The cover story of last week’s Spectator was about the political impact of rising crop prices: John R. Bradley, who alone predicted the Egyptian revolution, explained how the same phenomenon is happening again. His piece speaks best for itself but today HSBC has released some research making the same point. I thought Coffee Housers may be interested.
The picture above shows how much of the US is hit by drought now, and given that it’s the number one exporter this has hit world prices. The price of wheat, corn and soyabean has rocketed by 30 per cent, 25 per cent and 42 per cent, respectively since the start of the year. As Bradley argued, today’s crop prices will inflate tomorrow’s meat prices. The drought would be bad anyway, but its effect on hunger is exacerbated by the decision to use crops for the supposedly environmentally friendly ethanol. Learning no lessons from the 2008 food price spike, and anyway resenting the import of foreign oil, the US government has demanded an ever-greater share of this food is used for cars.
Now, will this result in political unrest? In his piece, Bradley said we should remember that food accounts for about a tenth of a British person’s budget but this is 40 per cent in Egypt. Its also high in Argentina and the Philippines (both 38 per cent) Mexico (30 per cent) and Vietnam (40 per cent). Bradley’s piece also referred to the correlation between the global food price index and riots in general. This is shown by the below graph.
The G20 is mulling a crisis meeting, but disaster could be averted. Asian and African crops have been unaffected. Just like after the 1929 crash, the real risk is the drying up of trade. ‘Whether this is merely another hindrance to growth or something more meaningful depends on governments’ behaviour from here,’ says HSBC. When America chose protection in 1930, it triggered the global depression. And it was the hoarding of food in 2008 that led to the shortages which caused such mayhem. Egypt, the world’s largest wheat importer, has been placing forward contracts with Russia and Ukraine. But India is already starting to hoard, and there are signs that Russia is considering the same policy (it is suffering a drought, too).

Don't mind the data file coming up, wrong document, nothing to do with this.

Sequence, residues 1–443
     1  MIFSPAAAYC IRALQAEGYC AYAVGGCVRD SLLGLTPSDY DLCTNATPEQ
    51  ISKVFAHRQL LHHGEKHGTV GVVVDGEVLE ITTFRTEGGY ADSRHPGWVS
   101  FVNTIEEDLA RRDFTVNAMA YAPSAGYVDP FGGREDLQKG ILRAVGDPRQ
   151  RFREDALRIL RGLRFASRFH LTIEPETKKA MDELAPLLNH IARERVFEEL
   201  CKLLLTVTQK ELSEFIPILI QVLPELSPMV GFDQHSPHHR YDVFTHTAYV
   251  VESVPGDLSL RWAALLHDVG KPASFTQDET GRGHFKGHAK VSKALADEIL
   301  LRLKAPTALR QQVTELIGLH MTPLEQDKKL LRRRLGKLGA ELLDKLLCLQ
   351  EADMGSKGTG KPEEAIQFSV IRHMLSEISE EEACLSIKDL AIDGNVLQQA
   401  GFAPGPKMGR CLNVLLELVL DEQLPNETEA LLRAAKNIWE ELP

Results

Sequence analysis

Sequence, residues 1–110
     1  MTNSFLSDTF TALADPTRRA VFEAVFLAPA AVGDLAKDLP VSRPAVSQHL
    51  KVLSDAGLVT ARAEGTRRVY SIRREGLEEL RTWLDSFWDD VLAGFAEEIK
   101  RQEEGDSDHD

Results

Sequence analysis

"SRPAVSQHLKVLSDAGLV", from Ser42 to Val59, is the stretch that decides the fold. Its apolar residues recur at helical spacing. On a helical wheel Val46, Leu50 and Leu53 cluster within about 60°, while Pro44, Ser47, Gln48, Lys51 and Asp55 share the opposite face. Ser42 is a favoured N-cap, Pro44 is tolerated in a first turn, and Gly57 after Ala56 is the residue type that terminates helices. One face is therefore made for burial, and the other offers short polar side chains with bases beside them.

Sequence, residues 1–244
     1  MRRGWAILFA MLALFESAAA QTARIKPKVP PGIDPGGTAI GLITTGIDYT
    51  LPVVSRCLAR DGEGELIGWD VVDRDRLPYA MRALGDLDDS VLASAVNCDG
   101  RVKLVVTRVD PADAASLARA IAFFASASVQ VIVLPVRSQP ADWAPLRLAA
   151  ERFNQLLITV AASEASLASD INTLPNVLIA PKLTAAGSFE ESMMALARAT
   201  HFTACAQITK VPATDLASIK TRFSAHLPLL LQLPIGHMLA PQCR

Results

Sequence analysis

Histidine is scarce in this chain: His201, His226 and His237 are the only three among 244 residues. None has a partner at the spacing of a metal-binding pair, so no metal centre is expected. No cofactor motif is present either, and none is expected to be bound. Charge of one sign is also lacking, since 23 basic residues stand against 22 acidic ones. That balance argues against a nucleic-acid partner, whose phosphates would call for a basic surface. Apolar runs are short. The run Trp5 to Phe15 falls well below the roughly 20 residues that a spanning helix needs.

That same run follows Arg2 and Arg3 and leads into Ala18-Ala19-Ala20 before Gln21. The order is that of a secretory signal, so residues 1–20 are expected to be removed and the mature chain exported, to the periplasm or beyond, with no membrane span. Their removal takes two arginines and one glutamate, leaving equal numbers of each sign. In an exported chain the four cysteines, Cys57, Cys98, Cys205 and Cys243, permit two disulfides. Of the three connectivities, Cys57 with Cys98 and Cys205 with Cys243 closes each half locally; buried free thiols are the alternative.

As Karl Popper famously observed, mankind can predict solar eclipses with great precision but we always tend to be surprised by revolutions. The UK Foreign Office had no clue about the Arab spring, nor did any political scientist. The collapse of the Soviet Union surprised Sovietologists (including Prof Condi Rice). Sometimes, politics – the spread of ideas, the demand for freedom etc – has embarassingly little to do with the direction which countries take. Mundane things like the price of bread can matter more than we think.Tags: America, Food prices